Small movements such as screwing a handpiece into the cord and resisting the pull of a heavy cord may not sound like much, but repetitive movements, day after day, really do add up. The ergonomic design of cordless handpieces plays a crucial role in reducing physical strain and fatigue.5 They are typically lightweight, making them easier to handle for extended periods. Because most cordless handpieces swivel, less movement is required from the practitioner. Going cordless eliminates the need to screw the handpiece into the cord, which helps reduce effort and strain and increase efficiency and productivity.
A wireless foot pedal reduces tripping hazards and enables more freedom of movement and easier accessibility, allowing us to focus on optimal body posture and body mechanics. Corded handpieces often require us to bend, lean, or twist, increasing the risk of injury. Practitioners may fiddle to adjust or pull against the cord with their body, which contributes to possible work-related injury. This is especially true for leftie hygienists, who already battle to practice in operatories that are designed for right-handed practitioners.
The freedom of movement from cordless options allows easy positioning and adjustment, reducing strain on the neck, back, shoulders, hand, and wrist. We’re able to adapt a neutral wrist position as we work. Traditional handpieces often require us to adopt a tight grip to keep the cord secure and steady. Cordless handpieces enable improved accessibility and visibility. The cord-free design allows us to reach and clean hard-to-access areas with ease. The weight, cord drag, and tubing torque of a traditional handpiece, coupled with awkward, static posture and repetitive movements, puts hygienists at greater risk for MSDs.
Converting to cordless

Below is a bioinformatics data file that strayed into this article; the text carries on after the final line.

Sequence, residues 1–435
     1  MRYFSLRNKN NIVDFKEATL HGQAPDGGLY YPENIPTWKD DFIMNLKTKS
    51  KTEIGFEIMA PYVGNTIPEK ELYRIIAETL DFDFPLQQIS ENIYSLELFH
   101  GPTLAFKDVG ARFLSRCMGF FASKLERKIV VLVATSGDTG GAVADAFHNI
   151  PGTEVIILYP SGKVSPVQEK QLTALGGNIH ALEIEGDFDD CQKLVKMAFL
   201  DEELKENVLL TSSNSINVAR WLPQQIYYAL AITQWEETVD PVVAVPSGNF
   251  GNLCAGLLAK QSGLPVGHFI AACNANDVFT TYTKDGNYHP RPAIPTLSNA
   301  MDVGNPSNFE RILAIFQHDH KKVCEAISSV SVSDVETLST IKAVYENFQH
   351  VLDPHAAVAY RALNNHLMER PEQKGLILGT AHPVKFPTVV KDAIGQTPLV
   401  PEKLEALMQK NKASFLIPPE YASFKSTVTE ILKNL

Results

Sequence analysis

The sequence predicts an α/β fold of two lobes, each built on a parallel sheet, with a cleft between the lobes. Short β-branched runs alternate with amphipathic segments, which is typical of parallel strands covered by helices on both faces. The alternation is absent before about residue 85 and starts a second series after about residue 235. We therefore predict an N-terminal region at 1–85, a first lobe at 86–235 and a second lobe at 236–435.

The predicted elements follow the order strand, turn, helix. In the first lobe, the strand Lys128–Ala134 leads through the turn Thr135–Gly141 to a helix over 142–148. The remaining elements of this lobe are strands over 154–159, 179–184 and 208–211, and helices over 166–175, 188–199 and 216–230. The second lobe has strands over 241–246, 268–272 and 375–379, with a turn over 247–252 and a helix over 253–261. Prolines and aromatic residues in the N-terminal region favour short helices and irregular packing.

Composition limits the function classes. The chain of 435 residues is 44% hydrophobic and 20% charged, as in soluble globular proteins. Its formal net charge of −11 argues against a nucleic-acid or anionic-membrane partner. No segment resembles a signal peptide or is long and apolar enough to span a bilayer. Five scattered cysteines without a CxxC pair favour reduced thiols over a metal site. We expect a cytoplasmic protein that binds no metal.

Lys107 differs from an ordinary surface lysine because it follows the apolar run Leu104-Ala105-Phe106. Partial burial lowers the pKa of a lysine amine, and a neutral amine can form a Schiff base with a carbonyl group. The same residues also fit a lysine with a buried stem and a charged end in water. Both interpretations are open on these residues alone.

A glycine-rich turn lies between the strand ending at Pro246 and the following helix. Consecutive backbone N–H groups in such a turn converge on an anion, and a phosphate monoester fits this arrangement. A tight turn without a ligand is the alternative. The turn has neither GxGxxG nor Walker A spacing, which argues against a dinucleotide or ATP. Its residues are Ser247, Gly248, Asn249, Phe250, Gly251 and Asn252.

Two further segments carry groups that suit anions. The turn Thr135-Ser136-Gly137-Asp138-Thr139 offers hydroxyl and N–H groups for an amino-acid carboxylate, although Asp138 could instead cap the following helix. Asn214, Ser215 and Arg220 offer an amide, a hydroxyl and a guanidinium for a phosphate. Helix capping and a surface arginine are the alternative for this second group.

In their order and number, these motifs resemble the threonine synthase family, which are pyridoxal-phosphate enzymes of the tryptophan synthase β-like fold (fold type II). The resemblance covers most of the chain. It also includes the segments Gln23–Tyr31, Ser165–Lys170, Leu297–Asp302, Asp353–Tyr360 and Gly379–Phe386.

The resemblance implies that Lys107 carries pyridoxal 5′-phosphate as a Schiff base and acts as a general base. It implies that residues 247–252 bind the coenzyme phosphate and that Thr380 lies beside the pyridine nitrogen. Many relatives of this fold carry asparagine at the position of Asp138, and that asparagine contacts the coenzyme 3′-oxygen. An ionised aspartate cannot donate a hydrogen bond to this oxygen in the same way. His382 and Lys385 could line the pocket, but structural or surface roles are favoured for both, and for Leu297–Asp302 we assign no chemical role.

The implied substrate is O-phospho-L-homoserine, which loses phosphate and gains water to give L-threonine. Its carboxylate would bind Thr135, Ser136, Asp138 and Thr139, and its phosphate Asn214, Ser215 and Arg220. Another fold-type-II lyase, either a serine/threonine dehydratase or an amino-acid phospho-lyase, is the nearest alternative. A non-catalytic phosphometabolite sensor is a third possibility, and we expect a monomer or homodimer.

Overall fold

A thriving dental hygiene department is a key component of any dental practice. Hygienists deserve equipment that supports their ergonomics and overall health, while also providing patients with a superior experience. Many improvements have been made since the introduction of cordless handpieces. They now offer longer battery life, making it a more seamless transition.
From an ergonomic and patient perspective, the transition from traditional to cordless handpieces is a no-brainer. With such a high prevalence of injury, MSDs, disability, and early retirement among dental hygienists, clinicians should prioritize their own health and seek ergonomic solutions. When our bodies are in alignment, we enjoy career longevity. Investing in tools like a cordless handpiece not only helps us deliver the best quality care, but also protects our most valuable tool: our body.
Editor's note: This article appeared in the August 2023 print edition of RDH magazine. Dental hygienists in North America are eligible for a complimentary print subscription. Sign up here.
1. Hayes M, Cockrell D, Smith DR. A systematic review of musculoskeletal disorders among dental professionals. Int J Dent Hyg. 2009;7(3):159-165. doi:10.1111/j.1601-5037.2009.00395.x
2. Saccucci M, Zumbo G, Mercuri P, et al. Musculoskeletal disorders related to dental hygienist profession. Int J Dent Hyg. 2022;20(3):571-579. doi:10.1111/idh.12596
3. Lalumandier JA, McPhee SD. Prevalence and risk factors of hand problems and carpal tunnel syndrome among dental hygienists. J Dent Hyg. 2001;75(2):130-134.
4. Harris ML, Sentner SM, Doucette HJ, Brillant MGS. Musculoskeletal disorders among dental hygienists in Canada. Can J Dent Hyg. 2020;54(2):61-67.
5. McCombs G, Russell DM. Comparison of dorded and cordless handpieces on forearm muscle activity, procedure time and ease of use during simulated tooth polishing. J Dent Hyg. 2014;88(6):386-393